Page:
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After difficult ending, Irish hockey hungry for more in 2021-22

| Friday, May 21, 2021

Perseverance has been the name of the game across the world over the last year, and the Notre Dame men’s hockey team is no exception. In head coach Jeff Jackson’s 16th season behind the Irish bench, Notre Dame battled COVID protocols and a deep Big 10 conference en route to a fifth straight NCAA tournament appearance (the 2020 NCAA Tournament was canceled due to COVID-19). But unforeseen circumstances out of their control ended Notre Dame’s season before they were able to participate in this year’s tournament, which was ultimately won by UMass.

Navigating this unique season was a challenge, and it made an already difficult conference and schedule even more difficult. It made consistency almost impossible to find. For the Irish, it was win three straight, lose three straight. Win the last four of the regular season, only to bow out in the first round of the Big 10 Tournament to a Penn State club the Irish had swept a two-game series from eight days prior by a combined margin of 12-3.

The lack of home-ice advantage caused by an empty Compton Family Ice Arena had a clear impact on the season; look no further than the Irish’s home/road splits. At Compton, the Irish were only 5-11-1 and lost their only Big 10 tournament game on that ice as well. Away from South Bend, the club was outstanding, posting a stellar 9-2-1 record. Notre Dame wasn’t swept in a single road series in 2020-21; they were swept at home three times.

“Without fans, it was definitely something to get used to. Especially (without) the Notre Dame fans. We have an awesome fanbase, awesome student section, and band, so it’s something we really miss” said junior defenseman Spencer Stastney, who was named the team’s top defensive player May 13.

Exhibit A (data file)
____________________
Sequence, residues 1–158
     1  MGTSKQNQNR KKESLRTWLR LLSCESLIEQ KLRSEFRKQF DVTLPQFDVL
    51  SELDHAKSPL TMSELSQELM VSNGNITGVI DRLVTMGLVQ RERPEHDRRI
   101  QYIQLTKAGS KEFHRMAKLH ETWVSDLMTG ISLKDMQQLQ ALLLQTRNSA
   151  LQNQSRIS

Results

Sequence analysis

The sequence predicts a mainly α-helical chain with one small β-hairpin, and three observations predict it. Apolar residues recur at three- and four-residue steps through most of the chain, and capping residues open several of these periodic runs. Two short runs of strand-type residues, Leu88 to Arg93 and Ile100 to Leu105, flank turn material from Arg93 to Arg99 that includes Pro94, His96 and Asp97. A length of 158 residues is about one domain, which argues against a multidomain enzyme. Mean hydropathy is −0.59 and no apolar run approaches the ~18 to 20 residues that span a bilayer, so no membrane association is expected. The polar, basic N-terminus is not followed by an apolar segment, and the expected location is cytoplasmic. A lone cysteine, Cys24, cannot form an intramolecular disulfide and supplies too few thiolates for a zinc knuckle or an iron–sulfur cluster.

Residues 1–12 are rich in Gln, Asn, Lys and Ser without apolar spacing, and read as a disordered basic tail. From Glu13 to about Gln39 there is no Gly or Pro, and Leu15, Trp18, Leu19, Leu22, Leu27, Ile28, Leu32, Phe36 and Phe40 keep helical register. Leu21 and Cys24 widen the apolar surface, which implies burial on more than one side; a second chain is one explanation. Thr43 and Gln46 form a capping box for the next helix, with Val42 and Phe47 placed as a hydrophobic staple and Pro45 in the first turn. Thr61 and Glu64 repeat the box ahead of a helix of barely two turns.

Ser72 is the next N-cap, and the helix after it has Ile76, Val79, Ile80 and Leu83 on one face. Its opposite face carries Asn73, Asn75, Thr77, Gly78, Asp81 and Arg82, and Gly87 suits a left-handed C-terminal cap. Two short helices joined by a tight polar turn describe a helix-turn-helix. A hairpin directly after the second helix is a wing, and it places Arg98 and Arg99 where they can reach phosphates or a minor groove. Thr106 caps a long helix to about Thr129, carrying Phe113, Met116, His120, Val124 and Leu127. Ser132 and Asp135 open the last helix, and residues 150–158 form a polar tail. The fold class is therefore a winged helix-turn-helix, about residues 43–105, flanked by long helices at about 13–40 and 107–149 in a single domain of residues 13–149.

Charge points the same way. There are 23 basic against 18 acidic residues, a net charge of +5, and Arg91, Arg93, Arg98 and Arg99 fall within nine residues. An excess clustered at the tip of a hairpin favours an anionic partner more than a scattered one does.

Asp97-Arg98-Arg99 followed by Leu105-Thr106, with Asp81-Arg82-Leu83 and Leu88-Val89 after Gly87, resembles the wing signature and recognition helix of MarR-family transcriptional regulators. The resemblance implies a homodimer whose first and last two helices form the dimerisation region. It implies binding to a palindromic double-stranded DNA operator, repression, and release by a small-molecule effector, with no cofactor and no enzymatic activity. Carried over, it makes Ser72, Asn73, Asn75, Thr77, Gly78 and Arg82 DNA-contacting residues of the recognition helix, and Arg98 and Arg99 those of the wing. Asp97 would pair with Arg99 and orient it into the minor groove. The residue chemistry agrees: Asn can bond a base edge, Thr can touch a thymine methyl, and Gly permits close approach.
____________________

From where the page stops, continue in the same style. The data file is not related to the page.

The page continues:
Despite the early exit in the Big 10 championship, the Irish were poised for a post-season appearance. The club was hungry to face the Boston College Eagles in the NCAA tournament in hopes of making a deep run. But Notre Dame’s season ended in the blink of an eye when the team was forced to bow out of the tournament due to COVID issues before playing a single game. “We were all holding our breath in that announcement ceremony. We were extremely excited for the opportunity, and we rightfully earned that spot. Traveling out there and really getting COVID right away, that, that was pretty brutal,” Stastney said. “It was pretty disheartening to make it seven months and then at the end have it come crashing down.”

Notre Dame’s first line, including junior Alex Steeves and centering brothers wingers junior Graham and freshman and Chicago Blackhawks prospect Landon Slaggert, tore opponents apart. Steeves — Notre Dame’s season MVP with 15 goals and 17 assists — finished tied for 10th with North Dakota center Shane Pinto in the NCAA in scoring with 32 points. Graham Slaggert was tied for 34th in the nation at 25 points (8 goals, 17 assists). And Landon Slaggert won a gold medal with Team USA at the World Junior Championships in Edmonton Jan. 5.

“Something that separates them from others is their creativity and their freedom on the ice,” Stastney said. I think we play a very structured game but those guys found a way to play a structured game but also use their individual skill set to really complement each other. They were such an important part of our offense. All three of them are extremely talented, have a bright future in hockey, and brought a lot to our team last year.”